Using Ulysses as my writing platform
I have gone through a decent number of text editors geared towards writing, and while most of them have been quite workable and even pleasant, there has always been something missing. My demands are fairly simple, and the gist is to focus on the writing experience and not having to deal with minutiae, like saving revisions and naming files.
My first demand is about integrity and reliability, which means that I don’t want to worry about sync conflicts when writing on multiple devices — everything just has to work without a fear of losing anything.
My second demand stems from my programming background where every single piece of written code is always checked in to a source repository, meaning it’s trivial to rewind and optionally restore previous versions of documents. This should be possible within the writing environment as well, and it should optionally even display the changes between the different revisions.
My third demand is that the writing app must support Markdown, since that is what I prefer to use when writing. It’s not that writing HTML or rich text is inherently bad, but the simplicity and the way Markdown lets me stay in the flow, even when doing on-the-fly formatting makes it an obvious choice.
My fourth demand is not having to be bothered with managing text files and naming them. The software must handle this automatically and just show me the current title and optionally an excerpt as the main way of finding a particular note. It should additionally have support for filing these notes into different collections.
My fifth demand is that publishing to WordPress directly from the app should be reasonably simple. The bare minimum is that the text should be exportable as raw Markdown, and it should preferably have a way of dealing with images within the text as well.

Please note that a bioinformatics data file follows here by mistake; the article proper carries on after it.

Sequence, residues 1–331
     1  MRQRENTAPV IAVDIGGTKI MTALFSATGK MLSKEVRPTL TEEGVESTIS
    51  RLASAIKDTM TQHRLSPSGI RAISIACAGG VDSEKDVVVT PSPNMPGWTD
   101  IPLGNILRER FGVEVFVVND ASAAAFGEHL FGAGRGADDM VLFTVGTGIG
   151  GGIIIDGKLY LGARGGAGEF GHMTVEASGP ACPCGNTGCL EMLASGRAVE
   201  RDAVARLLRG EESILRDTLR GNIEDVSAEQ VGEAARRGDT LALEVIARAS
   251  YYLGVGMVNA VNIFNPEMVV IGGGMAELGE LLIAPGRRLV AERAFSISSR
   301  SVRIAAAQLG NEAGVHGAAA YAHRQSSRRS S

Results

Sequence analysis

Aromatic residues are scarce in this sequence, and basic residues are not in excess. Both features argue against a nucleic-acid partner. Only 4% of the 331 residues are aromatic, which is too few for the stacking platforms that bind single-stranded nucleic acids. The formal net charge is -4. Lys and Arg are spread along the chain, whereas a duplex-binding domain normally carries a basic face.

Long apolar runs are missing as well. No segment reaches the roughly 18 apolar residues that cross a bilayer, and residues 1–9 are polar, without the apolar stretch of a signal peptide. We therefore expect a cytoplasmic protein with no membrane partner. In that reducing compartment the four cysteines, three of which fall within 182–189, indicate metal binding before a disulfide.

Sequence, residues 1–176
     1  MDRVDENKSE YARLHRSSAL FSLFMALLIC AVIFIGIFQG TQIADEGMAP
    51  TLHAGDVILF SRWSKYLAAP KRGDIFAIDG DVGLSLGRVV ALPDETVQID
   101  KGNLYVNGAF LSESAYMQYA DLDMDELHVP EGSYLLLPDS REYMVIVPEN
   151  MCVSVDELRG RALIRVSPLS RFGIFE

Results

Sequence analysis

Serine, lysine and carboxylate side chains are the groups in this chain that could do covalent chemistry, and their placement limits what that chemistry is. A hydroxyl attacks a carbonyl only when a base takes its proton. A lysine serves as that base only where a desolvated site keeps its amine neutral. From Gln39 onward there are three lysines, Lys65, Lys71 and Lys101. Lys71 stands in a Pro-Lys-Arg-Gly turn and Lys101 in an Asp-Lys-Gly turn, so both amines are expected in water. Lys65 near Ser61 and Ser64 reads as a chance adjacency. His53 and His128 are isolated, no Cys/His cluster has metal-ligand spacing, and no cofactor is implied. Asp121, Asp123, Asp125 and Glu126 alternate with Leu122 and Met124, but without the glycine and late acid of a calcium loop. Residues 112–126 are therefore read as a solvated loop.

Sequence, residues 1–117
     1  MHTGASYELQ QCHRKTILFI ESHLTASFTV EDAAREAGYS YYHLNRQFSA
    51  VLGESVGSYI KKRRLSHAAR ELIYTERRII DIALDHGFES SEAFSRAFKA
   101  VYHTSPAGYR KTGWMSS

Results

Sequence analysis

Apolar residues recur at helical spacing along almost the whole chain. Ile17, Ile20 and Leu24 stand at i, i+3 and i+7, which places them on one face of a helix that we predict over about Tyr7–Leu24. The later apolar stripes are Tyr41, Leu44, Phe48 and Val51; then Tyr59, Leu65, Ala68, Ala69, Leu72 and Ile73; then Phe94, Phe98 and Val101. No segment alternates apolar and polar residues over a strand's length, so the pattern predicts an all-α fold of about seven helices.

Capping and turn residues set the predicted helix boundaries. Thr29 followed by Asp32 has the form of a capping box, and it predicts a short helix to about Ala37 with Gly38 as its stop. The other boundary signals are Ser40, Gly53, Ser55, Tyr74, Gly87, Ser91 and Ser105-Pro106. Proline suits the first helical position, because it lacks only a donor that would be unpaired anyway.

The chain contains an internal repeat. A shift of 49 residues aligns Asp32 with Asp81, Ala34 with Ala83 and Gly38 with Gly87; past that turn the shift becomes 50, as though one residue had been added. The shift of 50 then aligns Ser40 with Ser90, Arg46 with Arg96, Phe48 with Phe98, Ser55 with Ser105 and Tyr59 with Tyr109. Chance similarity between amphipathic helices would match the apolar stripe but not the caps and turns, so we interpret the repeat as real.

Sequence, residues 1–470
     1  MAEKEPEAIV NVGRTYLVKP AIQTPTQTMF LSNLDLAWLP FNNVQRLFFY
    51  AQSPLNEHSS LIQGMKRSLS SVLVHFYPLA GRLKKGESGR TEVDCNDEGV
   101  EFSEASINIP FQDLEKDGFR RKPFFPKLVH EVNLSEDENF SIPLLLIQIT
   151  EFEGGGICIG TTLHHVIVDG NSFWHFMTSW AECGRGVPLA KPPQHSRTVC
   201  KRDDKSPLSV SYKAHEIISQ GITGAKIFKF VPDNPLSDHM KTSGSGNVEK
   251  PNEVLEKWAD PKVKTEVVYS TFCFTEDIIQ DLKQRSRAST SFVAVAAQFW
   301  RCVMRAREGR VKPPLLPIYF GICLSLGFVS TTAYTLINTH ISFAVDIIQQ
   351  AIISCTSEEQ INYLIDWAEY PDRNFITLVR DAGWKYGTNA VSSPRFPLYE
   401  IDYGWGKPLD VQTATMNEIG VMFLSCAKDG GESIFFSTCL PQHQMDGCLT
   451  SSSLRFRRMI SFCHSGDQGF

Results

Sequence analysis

A while back I switched to a writing platform called Ulysses, which ticked most of the boxes. The app is available for both iOS and macOS, but what really surprised me is the iOS version, which is as fully featured as the macOS counterpart. It’s not a scaled down companion, which is becoming a lot more important given that the iPad is a fantastic writing platform.
The basic structure of the app is that individual notes are called “sheets”, which can be grouped into a nested tree of folders. When writing long-form text, eg. a book or similar, it’s possible to split the chapters into separate sheets for an easier overview. The overlying folder will then act as glue, making it possible to export all (or just linked) notes from within that folder.
With the recent 2.6 update came a couple of features which fortifies Ulysses as one of the best platforms for writing for the web. While it has previously been possible to export directly to Medium, it is now possible to export directly to WordPress as well. This simplifies my workflow tremendously, especially if the document contains a lot images or photos. Before this update, the attached images needed to be saved to the filesystem and manually uploaded to the post in WordPress, which made it hard to work with comfortably from iOS. With this new publishing feature however, all attached images will automatically be uploaded as part of publishing the article. The publishing sheet contains everything that can be configured for a post, including the available categories and tags. Not only that, but it’s even possible to select the post format and set a custom URL slug if needed.
Another feature that has finally been added to the iOS counterpart is the “typewriter” mode, which essentially means that instead of the cursor changing rows while your write, the document scrolls behind it — like the sheet in a typewriter. This means that the cursor will always be on the same row on the screen. While other apps also have this feature, I have never seen it as thoughtfully implemented as in Ulysses.
While exporting to online publishing platforms is my main use case, it also possible to export to various other formats including ePub, PDF and Microsoft Word, as well as standard Markdown and HTML.
Originally posted on johnny.chadda.se.